In Big Magic, author Elizabeth Gilbert warns about creating to help other people. To be exact she writes:
You are not required to save the world with your creativity…I would prefer that you made your art in order to save yourself, or to relieve yourself of some great psychic burden, rather than to save or relieve us. ~ Elizabeth Gilbert
She goes on to give multiple reasonings behind this warning citing the misguided notion of living for others, the joy in creating to entertain yourself, and most notably pointing out that she wrote a travel memoir in order to make sense of her own journey. And we all know how that turned out.
For some time now, I’d say at the very least the past year or so, I’ve felt like I’ve been running around in circles when it comes to figuring out what to do with all these things I have inside. The thoughts, the ideas, the stories waiting to be told. And I don’t think I’ve realized (as clear as I do now) that the trying to connect the dots, the trying to make meaning of what I’m doing, and figuring out what I can do to ensure it can help someone, is the very thing that has been holding me back.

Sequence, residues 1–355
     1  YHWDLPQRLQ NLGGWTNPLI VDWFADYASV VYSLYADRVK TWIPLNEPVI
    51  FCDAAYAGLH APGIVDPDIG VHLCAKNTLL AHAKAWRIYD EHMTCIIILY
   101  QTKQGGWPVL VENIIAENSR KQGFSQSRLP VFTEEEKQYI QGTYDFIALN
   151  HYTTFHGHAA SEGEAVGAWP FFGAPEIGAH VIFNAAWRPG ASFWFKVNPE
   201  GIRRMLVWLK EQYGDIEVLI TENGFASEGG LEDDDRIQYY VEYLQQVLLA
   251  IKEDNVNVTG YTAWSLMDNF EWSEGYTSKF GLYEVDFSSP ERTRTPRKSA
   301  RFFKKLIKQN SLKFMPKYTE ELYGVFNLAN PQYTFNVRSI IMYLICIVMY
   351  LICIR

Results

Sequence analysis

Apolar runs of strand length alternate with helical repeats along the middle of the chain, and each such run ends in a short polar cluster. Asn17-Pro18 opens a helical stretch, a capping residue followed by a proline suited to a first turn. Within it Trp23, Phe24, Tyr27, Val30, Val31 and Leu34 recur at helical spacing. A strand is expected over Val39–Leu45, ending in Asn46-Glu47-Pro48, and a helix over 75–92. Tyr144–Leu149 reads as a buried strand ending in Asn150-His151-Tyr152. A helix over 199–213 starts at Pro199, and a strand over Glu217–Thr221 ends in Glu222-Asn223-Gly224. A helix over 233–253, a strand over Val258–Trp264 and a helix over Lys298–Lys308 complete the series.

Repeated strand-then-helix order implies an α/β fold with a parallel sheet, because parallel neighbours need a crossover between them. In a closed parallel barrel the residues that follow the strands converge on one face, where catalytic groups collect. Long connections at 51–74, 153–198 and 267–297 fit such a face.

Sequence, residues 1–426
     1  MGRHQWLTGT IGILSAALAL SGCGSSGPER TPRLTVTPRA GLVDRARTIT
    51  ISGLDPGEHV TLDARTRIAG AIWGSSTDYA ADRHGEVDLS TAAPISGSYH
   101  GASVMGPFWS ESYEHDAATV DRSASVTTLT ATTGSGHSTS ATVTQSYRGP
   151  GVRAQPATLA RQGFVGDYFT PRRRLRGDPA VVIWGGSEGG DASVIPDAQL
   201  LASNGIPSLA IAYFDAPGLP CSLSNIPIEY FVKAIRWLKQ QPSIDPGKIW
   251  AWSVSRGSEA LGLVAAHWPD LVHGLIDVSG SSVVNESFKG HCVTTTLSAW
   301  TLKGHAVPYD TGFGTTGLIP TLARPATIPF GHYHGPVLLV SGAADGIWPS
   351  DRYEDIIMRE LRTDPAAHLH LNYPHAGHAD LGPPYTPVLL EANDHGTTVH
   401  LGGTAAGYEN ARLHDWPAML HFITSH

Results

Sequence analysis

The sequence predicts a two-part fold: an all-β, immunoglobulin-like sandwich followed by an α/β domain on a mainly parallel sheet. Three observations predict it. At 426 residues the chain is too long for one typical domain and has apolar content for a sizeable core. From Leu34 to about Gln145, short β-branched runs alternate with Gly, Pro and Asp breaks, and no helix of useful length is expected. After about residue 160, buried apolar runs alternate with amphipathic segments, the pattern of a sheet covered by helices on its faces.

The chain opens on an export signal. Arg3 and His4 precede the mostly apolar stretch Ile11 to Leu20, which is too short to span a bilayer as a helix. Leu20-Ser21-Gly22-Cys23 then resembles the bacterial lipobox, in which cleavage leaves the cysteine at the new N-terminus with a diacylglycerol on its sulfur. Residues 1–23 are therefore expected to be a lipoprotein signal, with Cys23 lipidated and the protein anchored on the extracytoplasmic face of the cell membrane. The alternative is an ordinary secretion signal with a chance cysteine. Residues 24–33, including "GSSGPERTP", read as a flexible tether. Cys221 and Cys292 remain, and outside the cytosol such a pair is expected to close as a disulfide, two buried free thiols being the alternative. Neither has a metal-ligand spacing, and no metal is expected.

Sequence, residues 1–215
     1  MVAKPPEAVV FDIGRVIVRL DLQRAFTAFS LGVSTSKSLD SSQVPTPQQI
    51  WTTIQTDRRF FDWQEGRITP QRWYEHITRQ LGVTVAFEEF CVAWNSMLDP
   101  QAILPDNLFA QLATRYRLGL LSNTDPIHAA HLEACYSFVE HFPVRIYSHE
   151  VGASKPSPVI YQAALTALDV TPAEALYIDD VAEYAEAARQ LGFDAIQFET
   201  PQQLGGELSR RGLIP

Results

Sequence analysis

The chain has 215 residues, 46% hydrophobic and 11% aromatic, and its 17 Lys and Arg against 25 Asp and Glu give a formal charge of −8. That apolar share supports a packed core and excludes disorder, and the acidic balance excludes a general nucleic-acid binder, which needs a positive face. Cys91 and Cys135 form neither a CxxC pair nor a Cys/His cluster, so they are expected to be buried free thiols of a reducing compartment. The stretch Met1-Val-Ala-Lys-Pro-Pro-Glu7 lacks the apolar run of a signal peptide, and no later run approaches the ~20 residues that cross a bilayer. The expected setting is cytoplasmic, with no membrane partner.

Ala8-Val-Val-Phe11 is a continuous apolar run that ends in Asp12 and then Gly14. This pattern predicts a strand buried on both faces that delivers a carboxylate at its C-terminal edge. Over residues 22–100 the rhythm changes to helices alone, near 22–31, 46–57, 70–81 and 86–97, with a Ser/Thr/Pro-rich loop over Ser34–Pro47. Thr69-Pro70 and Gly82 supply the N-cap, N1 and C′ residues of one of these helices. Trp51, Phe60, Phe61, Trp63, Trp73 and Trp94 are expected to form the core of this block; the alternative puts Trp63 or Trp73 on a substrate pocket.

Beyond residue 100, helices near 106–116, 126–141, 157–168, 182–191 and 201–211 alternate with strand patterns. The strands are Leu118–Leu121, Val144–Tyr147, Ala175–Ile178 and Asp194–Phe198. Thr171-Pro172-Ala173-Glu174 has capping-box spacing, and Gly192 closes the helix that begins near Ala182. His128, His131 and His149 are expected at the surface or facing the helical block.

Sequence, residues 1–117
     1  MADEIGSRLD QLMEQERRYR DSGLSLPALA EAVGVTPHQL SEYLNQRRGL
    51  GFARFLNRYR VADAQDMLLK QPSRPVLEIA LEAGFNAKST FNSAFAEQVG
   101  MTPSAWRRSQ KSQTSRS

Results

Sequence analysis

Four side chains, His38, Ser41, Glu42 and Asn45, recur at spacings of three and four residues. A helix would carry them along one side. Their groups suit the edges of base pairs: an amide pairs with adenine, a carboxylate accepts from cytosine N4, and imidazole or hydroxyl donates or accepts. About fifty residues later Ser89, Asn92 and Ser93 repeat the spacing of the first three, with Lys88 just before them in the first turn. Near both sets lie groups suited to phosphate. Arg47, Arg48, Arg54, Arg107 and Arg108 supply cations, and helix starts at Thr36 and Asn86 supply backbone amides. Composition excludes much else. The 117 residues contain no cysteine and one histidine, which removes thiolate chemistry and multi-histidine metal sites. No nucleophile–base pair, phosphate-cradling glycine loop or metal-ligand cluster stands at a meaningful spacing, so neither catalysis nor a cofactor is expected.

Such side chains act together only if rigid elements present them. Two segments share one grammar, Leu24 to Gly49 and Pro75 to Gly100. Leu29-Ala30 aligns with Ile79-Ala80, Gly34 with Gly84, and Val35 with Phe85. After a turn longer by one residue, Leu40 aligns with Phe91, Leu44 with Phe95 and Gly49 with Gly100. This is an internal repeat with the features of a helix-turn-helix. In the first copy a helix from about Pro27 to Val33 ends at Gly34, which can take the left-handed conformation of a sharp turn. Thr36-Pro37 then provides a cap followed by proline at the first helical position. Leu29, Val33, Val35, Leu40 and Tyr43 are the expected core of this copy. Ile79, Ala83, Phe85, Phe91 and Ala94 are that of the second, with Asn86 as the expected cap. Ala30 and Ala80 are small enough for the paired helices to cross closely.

Your art not only doesn’t have to be original, in other words; it also doesn’t have to be important. ~ Elizabeth Gilbert
I’m certain I actually discovered this before but, I’m not sure it ever took root in my mind. The reality that I absolutely can (and should) blog, and journal, and create, and write that book simply because it’s something I want to do.
I sat down today to write a blog post that I wanted to be helpful. I thought to myself: I’ve been writing a lot about my personal life and lessons I’ve been learning so let me write something that can be really informational and helpful to others. But the reality is (I already do that in my freelance work) BUT more importantly…I write to save, understand, make sense of, document, and discover myself. And:
If what I’ve written here ends up help you, that’s great, and I will be glad. That would be a wonderful side effect. ~ Elizabeth Gilbert
So tell me, why do you create?